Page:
Volumes 21-24 (2015-2018)

Volume 24 Issue 4 - December 2018 / January 2019
Volume 24 Issue 3 - November 2018
Volume 24 Issue 2 - October 2018
Volume 24 Issue 1 - September 2018
Volume 23 Issue 9 - June / July / August 2018
Volume 23 Issue 8 - May 2018
Volume 23 Issue 7 - April 2018
Volume 23 Issue 6 - March 2018
Volume 23 Issue 4 - December 2017 / January 2018
Volume 23 Issue 3 - November 2017
Volume 23 Issue 2 - October 2017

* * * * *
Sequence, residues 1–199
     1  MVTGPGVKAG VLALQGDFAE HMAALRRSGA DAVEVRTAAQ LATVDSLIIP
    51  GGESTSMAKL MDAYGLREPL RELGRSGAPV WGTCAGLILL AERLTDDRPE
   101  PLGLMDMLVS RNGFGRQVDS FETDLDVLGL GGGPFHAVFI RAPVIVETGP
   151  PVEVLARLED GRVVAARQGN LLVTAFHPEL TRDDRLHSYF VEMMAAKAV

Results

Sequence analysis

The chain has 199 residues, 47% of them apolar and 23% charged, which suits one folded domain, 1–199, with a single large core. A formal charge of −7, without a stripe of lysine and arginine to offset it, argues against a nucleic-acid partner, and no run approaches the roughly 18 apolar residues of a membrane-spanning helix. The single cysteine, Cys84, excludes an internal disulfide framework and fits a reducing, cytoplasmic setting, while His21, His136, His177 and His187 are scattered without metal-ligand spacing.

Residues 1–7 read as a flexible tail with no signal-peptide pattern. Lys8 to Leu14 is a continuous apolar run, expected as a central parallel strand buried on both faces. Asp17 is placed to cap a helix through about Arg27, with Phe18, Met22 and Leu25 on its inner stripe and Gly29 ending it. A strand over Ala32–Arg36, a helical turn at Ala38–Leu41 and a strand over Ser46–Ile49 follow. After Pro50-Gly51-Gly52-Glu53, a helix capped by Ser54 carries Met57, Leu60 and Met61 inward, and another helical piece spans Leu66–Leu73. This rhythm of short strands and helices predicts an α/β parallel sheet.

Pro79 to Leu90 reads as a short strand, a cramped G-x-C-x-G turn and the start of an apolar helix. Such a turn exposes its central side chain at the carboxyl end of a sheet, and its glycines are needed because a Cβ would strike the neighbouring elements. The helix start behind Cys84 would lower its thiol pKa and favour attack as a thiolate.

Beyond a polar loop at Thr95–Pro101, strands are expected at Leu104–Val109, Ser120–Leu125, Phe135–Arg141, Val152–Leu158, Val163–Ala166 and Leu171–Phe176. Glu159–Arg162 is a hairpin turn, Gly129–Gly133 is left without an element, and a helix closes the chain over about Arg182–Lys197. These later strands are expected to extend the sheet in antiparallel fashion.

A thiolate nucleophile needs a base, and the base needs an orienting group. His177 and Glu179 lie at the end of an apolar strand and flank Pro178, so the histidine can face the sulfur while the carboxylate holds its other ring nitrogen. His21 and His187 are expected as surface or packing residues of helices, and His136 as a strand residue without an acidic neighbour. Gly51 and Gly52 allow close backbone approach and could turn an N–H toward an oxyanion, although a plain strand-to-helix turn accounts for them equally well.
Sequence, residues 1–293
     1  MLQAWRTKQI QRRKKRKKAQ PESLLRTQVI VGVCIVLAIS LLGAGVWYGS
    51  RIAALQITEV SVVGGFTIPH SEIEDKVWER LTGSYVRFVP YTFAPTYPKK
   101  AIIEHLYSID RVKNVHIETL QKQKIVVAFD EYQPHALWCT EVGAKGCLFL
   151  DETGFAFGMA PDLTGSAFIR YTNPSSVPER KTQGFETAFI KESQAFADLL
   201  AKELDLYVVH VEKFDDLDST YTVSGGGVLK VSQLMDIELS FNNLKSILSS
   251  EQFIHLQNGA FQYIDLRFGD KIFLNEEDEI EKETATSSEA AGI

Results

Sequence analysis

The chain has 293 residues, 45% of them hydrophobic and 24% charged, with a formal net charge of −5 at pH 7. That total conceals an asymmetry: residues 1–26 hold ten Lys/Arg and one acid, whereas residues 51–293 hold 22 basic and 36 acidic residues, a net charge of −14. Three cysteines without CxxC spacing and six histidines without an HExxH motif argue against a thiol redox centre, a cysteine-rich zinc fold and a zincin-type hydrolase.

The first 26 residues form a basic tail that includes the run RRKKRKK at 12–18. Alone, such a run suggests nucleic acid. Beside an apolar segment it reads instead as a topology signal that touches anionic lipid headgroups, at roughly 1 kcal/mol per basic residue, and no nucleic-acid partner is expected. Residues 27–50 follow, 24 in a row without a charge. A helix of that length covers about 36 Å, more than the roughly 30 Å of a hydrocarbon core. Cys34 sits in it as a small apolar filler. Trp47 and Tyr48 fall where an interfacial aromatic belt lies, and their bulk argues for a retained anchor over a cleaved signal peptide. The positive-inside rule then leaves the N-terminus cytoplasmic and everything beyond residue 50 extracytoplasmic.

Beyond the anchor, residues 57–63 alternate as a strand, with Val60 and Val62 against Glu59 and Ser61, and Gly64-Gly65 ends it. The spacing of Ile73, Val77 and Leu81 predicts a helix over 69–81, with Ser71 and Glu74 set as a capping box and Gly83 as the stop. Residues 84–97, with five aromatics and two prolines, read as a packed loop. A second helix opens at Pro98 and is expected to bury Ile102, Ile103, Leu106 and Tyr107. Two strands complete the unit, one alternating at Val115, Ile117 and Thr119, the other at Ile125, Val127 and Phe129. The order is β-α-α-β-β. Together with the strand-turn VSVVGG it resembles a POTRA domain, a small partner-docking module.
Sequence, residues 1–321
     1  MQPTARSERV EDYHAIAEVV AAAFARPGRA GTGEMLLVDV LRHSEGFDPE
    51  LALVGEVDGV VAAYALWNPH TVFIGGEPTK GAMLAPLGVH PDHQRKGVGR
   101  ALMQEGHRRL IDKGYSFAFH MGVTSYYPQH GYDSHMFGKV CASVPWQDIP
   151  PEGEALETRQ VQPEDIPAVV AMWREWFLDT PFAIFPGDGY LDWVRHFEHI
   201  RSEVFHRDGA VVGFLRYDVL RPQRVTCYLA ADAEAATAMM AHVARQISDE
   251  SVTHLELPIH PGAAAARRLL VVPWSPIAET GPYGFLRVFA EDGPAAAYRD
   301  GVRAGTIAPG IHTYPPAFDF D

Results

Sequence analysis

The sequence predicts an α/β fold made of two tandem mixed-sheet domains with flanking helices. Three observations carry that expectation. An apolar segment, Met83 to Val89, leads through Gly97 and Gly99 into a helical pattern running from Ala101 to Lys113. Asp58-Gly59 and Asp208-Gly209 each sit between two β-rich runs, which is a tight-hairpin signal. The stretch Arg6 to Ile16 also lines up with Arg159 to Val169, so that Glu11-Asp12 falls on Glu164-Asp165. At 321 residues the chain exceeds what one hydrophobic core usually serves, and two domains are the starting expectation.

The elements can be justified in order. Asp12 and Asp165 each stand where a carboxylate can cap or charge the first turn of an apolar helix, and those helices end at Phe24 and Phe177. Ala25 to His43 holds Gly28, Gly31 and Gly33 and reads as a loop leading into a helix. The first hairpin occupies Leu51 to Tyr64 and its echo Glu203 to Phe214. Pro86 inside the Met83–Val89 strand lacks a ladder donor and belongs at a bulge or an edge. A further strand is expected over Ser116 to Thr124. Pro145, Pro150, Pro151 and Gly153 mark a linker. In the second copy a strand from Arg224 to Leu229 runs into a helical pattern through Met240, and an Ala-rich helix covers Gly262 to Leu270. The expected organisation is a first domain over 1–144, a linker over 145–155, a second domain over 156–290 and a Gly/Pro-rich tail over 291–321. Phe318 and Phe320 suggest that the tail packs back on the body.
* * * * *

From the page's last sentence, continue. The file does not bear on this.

Volume 23 Issue 1 - September 2017
Volume 22 Issue 9 - Summer 2017
Volume 22 Issue 8 - May 2017
Volume 22 Issue 7 - April 2017
Volume 22 Issue 6 - March 2017
Volume 22 Issue 5 - February 2017
Volume 22 Issue 4 - December 2016/January 2017
Volume 22 Issue 2 - October 2016
Volume 22 Issue 1 - September 2016
Volume 21 Issue 9 - Summer 2016
Volume 21 Issue 8 - May 2016
Volume 21 Issue 6 - March 2016
Volume 21 Issue 5 - February 2016
Volume 21 Issue 4 - December 2015/January 2016
Volume 21 Issue 3 - November 2015
Volume 21 Issue 2 - October 2015
Volume 21 Issue 1 - September 2015

Volumes 16-20 (2010-2015)

Volumes 11-15 (2004-2010)

Volumes 6 - 10 (2000 - 2006)

Volumes 1-5 (1994-2000)